Arts Fundraising & Philanthropy has financially supported the Dorset, Bournemouth and Poole Fundraisers Network through our networks funding programme. Karen Malim, Development Manager at Dorchester Arts, gives a review of “How to fundraise with digital tools”, a presentation given by Howard Lake for network on 3 March 2016.
When I first mooted the idea of a digital fundraising training day with AMA Bespoke, the question in my mind was: “The range of digital platforms is incredibly overwhelming, so is it really possible for fundraisers working in the arts to use digital platforms efficiently and effectively to achieve their fundraising objectives?”
The answer, we found out, was a resounding Yes – but don’t try to do it all at once and pay enormous attention to the images you choose; pictures really do speak a thousand words!
Digital fundraising entrepreneur, Howard Lake, gave twenty members of the Dorset Fundraisers Group a fascinating insight into his digital world, helping to many dispel myths and instil confidence along the way.
There are many reasons why offering your stakeholders the option to donate through digital and social media channels is a good idea; however, it is interesting to note that no UK charity has gone bust because they didn’t have a digital fundraising programme!
Although fewer than 10% of donors currently give online, the average size of an online gift is 25% higher than an offline one, and it is also a very effective way to raise money quickly. For example, following a disastrous fire in March 2015, Battersea Arts Centre raised £50,000 in mobile and online donations in just two days, and the average gift was £30.
Howard was at pains to point out that it is crucial not to put the cart before the horse. In other words, the digital property you own, a website and your email accounts, must be good and ready for the people that you drive there from Twitter and Facebook. Focus your spend on the platforms you can control (website and email) and not on those you can’t (social media channels). Check the speed of your website and make sure it is as fast as possible because people won’t hang around for things to load.
It is also imperative that your website is mobile responsive otherwise Google will not promote it and you will be doomed to languish in obscurity. You may also want to consider measuring what matters with Google Analytics; it’s free to install and you can sign up for regular email alerts. Ensure too that your website is good at capturing emails and that you have a sign-up box on the homepage.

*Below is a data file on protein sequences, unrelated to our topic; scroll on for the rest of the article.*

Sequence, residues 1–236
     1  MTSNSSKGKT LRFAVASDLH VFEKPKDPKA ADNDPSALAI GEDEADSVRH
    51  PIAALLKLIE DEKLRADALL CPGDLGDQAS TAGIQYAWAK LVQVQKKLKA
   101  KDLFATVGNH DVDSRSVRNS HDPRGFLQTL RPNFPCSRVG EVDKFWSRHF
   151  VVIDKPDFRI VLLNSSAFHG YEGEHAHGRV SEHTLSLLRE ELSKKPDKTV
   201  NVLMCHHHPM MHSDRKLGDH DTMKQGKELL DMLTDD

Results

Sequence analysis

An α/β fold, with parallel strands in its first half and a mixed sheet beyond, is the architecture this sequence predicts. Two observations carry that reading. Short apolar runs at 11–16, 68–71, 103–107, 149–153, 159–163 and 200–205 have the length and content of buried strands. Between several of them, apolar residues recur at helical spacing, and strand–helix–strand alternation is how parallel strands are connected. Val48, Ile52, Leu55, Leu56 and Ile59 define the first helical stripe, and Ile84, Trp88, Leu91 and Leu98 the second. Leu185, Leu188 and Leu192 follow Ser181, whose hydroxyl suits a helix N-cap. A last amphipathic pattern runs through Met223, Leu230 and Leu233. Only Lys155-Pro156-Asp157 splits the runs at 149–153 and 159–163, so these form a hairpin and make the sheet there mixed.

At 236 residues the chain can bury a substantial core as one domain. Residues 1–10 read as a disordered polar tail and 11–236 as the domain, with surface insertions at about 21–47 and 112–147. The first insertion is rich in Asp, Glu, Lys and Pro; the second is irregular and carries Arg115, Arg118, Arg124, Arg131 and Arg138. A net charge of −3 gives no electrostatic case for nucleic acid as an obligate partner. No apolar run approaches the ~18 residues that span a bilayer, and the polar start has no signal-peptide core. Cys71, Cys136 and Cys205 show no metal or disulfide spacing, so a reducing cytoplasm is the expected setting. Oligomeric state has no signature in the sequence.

There are other simple changes you can make to your website to maximise its fundraising capacity – for example, you can set the headings that come up on a “claim this business” box so they link to your income generating pages, and you can change your 404 error message to include a fundraising ask (who knew?!).
Back to those all-important images: Howard emphasised that the best way to improve your conversion rates is to include fewer words – which must be in plain English and really concise – and more pictures on your website. Write a fundraising policy, which includes FAQs such as the amount spent on overheads, and gives examples of donors. Get quotes from people who have enjoyed your shows, and include photos of these people – Howard reiterated that photos are everything if you are looking for impact. Check that the website reflects your fundraising strategy 100%, and frequently check the results of your strategy.
Finally, if you have to choose one social media channel, choose Facebook as more than half the UK population uses it daily. Add a Whatsapp button on your site and pay for Google Adwords. As an aside, crowdfunding is only useful when you have an engaged network and it is incredibly difficult to to do well!
Howard’s presentation was brilliant: well-paced, fascinating, accessible and underpinned by a knowledge base of all things digital that is second-to-none in the charity sector. I look forward to a return visit soon!
Do let us know your thoughts on what is working in digital engagement for your organisation, we’d love to hear.